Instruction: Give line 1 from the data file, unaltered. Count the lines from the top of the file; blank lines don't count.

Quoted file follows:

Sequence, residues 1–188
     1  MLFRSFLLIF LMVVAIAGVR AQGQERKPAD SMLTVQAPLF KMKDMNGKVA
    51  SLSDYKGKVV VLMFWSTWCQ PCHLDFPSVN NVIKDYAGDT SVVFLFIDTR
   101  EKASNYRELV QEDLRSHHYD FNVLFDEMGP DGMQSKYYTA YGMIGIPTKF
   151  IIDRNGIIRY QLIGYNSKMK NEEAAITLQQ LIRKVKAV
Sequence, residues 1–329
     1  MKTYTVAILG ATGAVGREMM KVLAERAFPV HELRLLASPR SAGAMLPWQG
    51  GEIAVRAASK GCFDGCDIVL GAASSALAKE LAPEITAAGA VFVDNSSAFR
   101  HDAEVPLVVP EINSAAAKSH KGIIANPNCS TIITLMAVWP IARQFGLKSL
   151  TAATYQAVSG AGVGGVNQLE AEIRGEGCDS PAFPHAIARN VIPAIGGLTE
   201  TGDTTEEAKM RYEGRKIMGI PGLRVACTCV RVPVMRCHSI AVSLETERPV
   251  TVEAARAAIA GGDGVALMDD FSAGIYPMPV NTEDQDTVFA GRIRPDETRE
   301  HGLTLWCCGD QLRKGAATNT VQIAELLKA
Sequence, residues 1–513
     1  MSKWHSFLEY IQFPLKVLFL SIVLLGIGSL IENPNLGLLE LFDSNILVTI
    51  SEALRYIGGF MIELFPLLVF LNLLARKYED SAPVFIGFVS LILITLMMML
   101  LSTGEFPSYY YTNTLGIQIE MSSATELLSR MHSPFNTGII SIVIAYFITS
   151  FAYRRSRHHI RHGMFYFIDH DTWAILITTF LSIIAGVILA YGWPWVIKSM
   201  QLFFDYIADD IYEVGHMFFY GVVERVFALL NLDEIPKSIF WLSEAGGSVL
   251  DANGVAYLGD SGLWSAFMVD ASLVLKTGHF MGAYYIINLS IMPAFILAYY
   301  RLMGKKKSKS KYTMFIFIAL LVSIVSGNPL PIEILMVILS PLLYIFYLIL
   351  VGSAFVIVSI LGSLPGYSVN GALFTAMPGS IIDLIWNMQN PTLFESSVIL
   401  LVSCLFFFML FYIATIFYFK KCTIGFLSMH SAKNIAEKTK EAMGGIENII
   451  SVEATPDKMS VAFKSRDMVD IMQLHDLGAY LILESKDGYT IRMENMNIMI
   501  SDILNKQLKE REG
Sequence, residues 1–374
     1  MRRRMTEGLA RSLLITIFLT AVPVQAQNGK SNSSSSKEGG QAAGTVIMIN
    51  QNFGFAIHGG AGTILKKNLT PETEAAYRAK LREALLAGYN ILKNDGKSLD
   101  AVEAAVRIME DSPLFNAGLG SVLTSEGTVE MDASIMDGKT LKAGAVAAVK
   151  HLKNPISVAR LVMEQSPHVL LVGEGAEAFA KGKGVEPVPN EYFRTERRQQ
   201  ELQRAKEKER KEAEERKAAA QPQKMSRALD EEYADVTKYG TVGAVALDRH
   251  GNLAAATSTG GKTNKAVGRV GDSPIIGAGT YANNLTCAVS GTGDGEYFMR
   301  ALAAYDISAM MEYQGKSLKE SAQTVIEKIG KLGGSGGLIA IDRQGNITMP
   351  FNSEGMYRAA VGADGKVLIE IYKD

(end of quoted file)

Sequence, residues 1–188